A first shot at the requirements - th data model

Although I´m very excited to have found some practical/useful sample scenario for my O/R Mapping exploration and would like to start VS2005 right away, I think first some thinking is in order. What are the exact requirements? What´s the datamodel, how should the persistent classes look like?

Let´s start with the tangible stuff, the data. We are talking about Learnboxes with compartments filled with index cards. So how about an object data model like this:

I imagine there to be many LearnBox objects each containing a number of Compartment objects each containing a number of IndexCard objects. Sounds reasonable, doesn´t it? Since a LearnBox and its Compartments belong together their relationship is that of an aggregation; each Compartment, though, is just associated with its IndexCard objects.

IndexCards don´t exist on their own, though. I imagine them coming in sets: a set of index cards for learning French, another for learning psychotherapeutical terms, another one for math etc. Each LearnBox thus is an "instanciation" of such a set of index cards or is associated with a set, and the index cards in the compartments all belong to this set. This leads to a slightly more elaborate object data model:

A LearnBox knows its CardSet, but the CardSet does not know all LearnBoxes it´s associated with, I´d say. Also, when a CardSet is deleted, all its IndexCards are deleted, too.  Hm... should a user be allowed to delete a CardSet while it´s in use by a LearnBox? Should she be able to delete an IndexCard from a CardSet while it´s associated with a Compartment? I don´t know yet. I guess it depends on whether a LearnBox directly references IndexCards of a CardSet or contains copies of them of its own. The UML drawing does not reveal such detail yet. I´ve to think about this detail for a moment...

Functional requirements

The data model is just one side of a software´s medal. The other side are functional requirements. What´s the software supposed to do? What does Vera expect from the software?

  1. I think, she wants to start with managing card sets. She needs to be able to create a new card set, list all card sets she already created, delete a card set, edit a card set. The usual CRUD functionality.
  2. Editing a card set means altering its properties (e.g. its name) and its content. The content of a card set are its index cards. So she needs to be able to add, delete, alter index cards and list all index cards in the card set. Again the usual CRUD functionality.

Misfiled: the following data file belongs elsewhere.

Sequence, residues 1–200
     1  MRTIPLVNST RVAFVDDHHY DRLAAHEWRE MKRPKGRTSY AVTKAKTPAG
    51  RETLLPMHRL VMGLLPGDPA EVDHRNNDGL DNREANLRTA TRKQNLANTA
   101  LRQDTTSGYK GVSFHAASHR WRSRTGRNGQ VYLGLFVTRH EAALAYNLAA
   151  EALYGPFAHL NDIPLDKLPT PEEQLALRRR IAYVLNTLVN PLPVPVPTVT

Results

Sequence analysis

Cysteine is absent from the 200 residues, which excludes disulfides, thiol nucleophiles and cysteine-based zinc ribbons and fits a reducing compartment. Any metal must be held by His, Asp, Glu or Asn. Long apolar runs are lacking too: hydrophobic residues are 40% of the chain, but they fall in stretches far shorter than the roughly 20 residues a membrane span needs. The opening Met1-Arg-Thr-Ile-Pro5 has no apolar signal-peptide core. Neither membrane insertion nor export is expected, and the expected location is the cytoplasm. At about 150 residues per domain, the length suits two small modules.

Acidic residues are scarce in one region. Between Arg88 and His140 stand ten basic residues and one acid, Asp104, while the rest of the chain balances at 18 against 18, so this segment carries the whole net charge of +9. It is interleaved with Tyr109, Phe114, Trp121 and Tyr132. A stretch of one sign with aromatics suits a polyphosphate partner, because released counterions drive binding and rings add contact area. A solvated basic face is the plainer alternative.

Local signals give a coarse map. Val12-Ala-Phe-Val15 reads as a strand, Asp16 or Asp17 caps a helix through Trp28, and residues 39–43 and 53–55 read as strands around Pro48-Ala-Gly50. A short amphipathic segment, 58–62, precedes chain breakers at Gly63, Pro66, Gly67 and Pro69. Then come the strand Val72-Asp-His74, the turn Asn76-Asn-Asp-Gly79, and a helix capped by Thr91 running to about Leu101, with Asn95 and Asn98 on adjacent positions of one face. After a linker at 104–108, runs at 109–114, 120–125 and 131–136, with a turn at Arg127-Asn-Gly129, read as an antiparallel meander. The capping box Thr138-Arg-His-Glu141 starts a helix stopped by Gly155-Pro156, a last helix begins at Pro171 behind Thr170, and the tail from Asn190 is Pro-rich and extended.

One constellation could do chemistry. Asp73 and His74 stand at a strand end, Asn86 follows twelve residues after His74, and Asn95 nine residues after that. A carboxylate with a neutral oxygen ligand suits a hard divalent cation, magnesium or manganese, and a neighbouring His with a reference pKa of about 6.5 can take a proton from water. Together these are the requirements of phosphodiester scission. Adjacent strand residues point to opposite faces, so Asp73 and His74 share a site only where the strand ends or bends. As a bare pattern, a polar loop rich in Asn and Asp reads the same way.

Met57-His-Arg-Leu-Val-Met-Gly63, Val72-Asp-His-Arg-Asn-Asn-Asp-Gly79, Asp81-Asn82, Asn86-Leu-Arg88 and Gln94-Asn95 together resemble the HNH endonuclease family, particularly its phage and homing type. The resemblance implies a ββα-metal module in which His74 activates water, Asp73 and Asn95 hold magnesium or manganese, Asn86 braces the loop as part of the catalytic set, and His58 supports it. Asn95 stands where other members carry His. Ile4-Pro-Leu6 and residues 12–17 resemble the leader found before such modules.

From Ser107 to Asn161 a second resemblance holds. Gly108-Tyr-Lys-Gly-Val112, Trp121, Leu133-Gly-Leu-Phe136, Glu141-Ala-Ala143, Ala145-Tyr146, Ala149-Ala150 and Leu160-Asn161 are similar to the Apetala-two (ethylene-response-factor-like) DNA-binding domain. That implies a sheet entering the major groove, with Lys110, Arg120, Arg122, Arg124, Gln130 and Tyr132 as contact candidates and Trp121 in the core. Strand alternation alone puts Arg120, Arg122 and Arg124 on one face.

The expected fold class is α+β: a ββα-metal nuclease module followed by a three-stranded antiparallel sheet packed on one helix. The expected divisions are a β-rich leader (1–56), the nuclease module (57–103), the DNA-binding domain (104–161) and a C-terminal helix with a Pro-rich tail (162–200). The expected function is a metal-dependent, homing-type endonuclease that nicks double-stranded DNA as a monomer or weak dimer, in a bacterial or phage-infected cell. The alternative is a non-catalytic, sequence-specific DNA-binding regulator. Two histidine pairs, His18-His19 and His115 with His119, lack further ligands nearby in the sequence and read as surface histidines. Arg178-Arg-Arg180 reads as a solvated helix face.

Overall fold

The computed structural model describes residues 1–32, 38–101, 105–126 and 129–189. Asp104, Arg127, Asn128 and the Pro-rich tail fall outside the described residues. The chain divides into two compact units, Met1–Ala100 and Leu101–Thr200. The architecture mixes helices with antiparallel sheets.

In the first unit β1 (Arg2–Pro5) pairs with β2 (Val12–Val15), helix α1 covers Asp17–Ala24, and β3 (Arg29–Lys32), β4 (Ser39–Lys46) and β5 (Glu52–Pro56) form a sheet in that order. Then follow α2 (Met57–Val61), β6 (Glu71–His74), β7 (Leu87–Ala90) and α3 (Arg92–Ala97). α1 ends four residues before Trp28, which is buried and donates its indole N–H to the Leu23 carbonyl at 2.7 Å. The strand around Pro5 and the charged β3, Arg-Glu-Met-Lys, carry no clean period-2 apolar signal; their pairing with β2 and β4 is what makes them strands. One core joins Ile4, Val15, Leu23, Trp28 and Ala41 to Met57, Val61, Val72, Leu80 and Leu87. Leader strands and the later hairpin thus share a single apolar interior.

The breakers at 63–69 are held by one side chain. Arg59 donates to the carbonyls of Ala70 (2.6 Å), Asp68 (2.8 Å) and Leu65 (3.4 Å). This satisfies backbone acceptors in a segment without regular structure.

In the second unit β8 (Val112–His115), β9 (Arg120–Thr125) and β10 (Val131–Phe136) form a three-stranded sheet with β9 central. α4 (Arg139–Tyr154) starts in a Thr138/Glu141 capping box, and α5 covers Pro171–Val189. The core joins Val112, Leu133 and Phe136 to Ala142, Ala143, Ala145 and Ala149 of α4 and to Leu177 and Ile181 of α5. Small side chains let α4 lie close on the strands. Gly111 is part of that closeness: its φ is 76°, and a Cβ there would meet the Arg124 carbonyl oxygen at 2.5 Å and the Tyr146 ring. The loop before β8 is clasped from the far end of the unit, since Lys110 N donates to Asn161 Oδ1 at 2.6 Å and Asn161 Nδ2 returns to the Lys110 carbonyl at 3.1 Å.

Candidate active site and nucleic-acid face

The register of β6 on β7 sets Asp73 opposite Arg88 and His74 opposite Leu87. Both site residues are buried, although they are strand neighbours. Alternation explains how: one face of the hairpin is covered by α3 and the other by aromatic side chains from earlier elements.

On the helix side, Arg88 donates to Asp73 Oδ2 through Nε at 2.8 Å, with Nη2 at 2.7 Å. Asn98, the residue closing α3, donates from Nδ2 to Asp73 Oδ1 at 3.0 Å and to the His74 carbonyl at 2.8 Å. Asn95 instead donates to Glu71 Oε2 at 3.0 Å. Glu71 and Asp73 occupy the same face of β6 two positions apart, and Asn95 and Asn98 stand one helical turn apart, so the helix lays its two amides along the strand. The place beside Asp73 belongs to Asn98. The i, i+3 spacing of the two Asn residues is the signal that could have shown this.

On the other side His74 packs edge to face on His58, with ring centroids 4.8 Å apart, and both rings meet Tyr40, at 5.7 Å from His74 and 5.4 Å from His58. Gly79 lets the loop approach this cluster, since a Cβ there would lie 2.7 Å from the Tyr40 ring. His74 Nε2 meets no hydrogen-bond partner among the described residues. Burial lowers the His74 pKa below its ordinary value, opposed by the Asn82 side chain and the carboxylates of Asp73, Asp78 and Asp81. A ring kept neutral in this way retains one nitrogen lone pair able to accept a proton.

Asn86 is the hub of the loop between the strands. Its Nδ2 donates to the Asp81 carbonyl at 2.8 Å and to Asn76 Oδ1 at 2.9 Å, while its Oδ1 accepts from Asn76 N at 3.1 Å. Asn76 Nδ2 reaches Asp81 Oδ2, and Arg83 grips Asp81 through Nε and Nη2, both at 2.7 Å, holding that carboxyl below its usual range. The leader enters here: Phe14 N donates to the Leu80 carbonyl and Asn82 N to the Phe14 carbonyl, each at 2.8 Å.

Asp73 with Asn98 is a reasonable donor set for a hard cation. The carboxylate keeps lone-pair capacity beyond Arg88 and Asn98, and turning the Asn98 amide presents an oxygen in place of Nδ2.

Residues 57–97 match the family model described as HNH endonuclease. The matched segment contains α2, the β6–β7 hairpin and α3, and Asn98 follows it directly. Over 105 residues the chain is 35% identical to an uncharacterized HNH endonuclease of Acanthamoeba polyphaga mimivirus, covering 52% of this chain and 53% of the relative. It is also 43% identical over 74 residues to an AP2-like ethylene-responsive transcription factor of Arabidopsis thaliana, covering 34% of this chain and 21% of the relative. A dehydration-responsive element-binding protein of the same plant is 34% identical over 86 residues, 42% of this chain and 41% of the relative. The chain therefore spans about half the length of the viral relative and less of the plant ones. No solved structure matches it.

3. Once she has created and filled a card set she surely wants to memorize its content. So she needs to be able to "derive" a Learnbox from a card set. If she is into studying several topics she most likely wants to be able to manage several Learnboxes at the same time. So she needs to list them, delete them, and alter them.
  4. When altering a Learnbox or specifying it upon creation means specifying the number and sizes of the compartments and maybe also arranging the index cards. Maybe she wants to learn them in a certain order. Hm... that would necessitate an addition to the data model, I guess (see picture below).
  5. Finally Vera wants to just learn. She wants to pick up a Learnbox and be presented with index cards from some compartment. How index cards move through the Learnbox is controlled by some business logik behind the scenes; Vera should not be able to (easily) interfere with this.

In order to track the position of an IndexCard within a Compartment, an IndexCard is represented by an Item within the Compartment. Items of course "go down" with their Compartment.

Ok, that´s it, I guess. Reasonable requirements for a first release of my Learnbox software. A lot of CRUD functionality seems to be the right scenario for employing an O/R Mapper - and close to many real world applications. But before I start with the implementation, I need some larger picture of the code. I need some architectural framework to locate the data model in. Stay tuned for my next article - and maybe think about how you would model such an application.

1 comment:

Heinrich Altbauer said...

Hi,
you wrote that the source of the learningbox-picture is from http://sprachen.sprachsignale.de/hausa/huaarbeitsmethodik.html. It ist not correct: the picture stems from http://arbeitsblaetter.stangl-taller.at/LERNTECHNIK/Lernkartei.shtml
H.A.